And if we examine players who recorded those numbers while shooting better than 37 percent from three-point range, Love and Bird are the only two to ever accomplish such a feat, per Basketball-Reference

    One of the most versatile weapons the game has to offer, Love and the Timberwolves will look to end a 10-year playoff drought under new leadership next season. 

Joakim Noah, C, Chicago Bulls

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    The defensive stylings of Joakim Noah netted him 2013-14 Defensive Player of the Year honors, but it's his offensive versatility that we miss so much now that the Chicago Bulls have been bounced from the playoffs. 

    A 12.6 point-per-game average on 47.5 percent shooting represented a career high for Noah, who also dished out a staggering 5.4 assists per night. 

    To understand just how phenomenal and unprecedented those numbers are, check out these facts: Noah became just the 14th player in league history to average at least 12 points, 11 rebounds and five dimes for a single season, joining the likes of Kevin Garnett, Wilt Chamberlain, Charles Barkley, Bill Russell and Kareem Abdul-Jabbar, according to Basketball-Reference

    In addition, Noah was the only player during the 2013-14 season to meet those same benchmarks, per Basketball-Reference, and led all Bulls players in assists with 431. 

    With a tenacity that's only fit for the postseason, expect Noah and the Bulls to make some noise when they rejoin the party again in 2015. 

Dirk Nowitzki, PF, Dallas Mavericks

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    Dirk Nowitzki didn't have a particularly stellar postseason, averaging 19.1 points on 42.9 percent shooting from the field and .083 percent from three in seven games against the San Antonio Spurs, but forget those pedestrian splits for a second. 

    Nowitzki's regular season deserves to be highlighted for his achievements in efficiency, which were unlike anything we've ever seen from a 35-year-old.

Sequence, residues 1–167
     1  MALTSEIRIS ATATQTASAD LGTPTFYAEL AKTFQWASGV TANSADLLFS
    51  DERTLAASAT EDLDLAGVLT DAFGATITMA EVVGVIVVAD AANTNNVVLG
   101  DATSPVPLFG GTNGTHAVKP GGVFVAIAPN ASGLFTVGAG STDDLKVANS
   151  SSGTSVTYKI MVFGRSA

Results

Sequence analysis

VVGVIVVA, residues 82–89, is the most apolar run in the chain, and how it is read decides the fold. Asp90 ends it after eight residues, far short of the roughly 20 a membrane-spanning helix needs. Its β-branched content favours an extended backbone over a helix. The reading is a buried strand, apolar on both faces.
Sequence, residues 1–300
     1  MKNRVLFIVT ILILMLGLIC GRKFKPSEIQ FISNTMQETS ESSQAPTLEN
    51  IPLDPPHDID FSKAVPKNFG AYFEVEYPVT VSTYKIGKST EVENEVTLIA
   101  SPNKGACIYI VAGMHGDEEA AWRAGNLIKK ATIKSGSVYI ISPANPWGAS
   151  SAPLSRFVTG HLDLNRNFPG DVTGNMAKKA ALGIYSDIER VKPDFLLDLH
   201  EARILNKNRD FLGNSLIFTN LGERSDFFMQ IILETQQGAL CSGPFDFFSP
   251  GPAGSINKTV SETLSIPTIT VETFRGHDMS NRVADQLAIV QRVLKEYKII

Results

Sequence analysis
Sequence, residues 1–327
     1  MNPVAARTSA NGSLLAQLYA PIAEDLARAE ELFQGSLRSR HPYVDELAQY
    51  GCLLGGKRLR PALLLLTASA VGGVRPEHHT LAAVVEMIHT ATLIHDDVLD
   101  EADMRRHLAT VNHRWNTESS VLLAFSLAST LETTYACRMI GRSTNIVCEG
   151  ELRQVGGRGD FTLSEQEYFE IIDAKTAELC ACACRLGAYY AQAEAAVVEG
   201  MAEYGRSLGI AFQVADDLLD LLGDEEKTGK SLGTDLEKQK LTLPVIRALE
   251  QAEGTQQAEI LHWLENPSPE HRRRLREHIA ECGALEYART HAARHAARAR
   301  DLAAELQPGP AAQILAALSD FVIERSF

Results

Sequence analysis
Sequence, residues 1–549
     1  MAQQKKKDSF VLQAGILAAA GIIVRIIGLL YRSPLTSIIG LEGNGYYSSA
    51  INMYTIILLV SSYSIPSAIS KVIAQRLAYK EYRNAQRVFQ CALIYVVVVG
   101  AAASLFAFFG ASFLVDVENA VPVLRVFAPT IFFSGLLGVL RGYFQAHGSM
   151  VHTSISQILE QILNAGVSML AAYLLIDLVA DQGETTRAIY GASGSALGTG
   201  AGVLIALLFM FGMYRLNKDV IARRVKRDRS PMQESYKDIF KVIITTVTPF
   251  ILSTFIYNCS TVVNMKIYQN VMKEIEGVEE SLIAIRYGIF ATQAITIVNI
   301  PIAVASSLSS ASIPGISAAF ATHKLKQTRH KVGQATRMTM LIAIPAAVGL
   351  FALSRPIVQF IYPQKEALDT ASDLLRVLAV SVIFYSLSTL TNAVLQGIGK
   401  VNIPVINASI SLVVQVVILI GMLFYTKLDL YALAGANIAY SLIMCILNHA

Appearing in 80 of a possible 82 games, Nowitzki shot the lights out, averaging 21.7 points while boasting shooting splits of .497/.398/.899. 

    That's right. Nowitzki, the ageless wonder, nearly joined the 50-40-90 club for the second time seven years after making his first appearance in the exclusive shooter's alliance. 

    The good news, according to The Dallas Morning News' Eddie Sefko, is the German sharpshooters has gone on the record as saying he plans on extending his stay in the NBA for a couple more seasons: 

    So yeah, I still think I’m going to play a couple more years at a high level. And we’ll just have to wait and see, meet with Mark (Cuban) a bunch. I’m not going anywhere for a while. So we’ll figure some stuff out the next couple weeks. But like I said, the year before I was a little worried with the knee injury and not getting going for a long, long time. But this year, I feel a lot better about my body and my health, so I feel like I can still play at a high level for a couple more years.

    With the Mavericks on the rise and primed to make a splash this summer, expect Nowitzki and Co. to be back in the playoff picture next season.  

Phoenix's Backcourt Tandem

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    The biggest surprise of the 2013-14 season was the emergence of Jeff Hornacek's Phoenix Suns, who missed the postseason by a mere game after being edged out by the Dallas Mavericks for the Western Conference's eighth and final playoff spot. 

    But fear not, for the Suns developed at an extremely accelerated rate thanks to Hornacek's system and the backcourt tandem of Goran Dragic and Eric Bledsoe. 

    Entering what figured to be a rebuilding year, questions abounded regarding Bledsoe's ability to slide up to the 2 and play alongside an on-ball presence like Dragic. 

    And while it was easy to be skeptical from a chemistry standpoint, Dragic and Bledsoe passed their first regular-season test with flying colors. 

    Not only did the tandem rank as the team's two leading scorers (Dragic at 20.3 points per game and Bledsoe at 17.7), but they graded out as the Suns' two most efficient players. 

    Dragic was especially steady in the scoring department, shooting 50.5 percent from the field and 40.8 percent from three. According to Basketball-Reference, the only other players to average at least 20 points on better than 50 percent shooting this season were LeBron James, Kevin Durant, Blake Griffin, Anthony Davis, Al Jefferson and Brook Lopez (who appeared in 17 games). 

    With cap space and draft picks at their disposal, expect the Suns to continue their rapid growth during what figures to be a prosperous summer.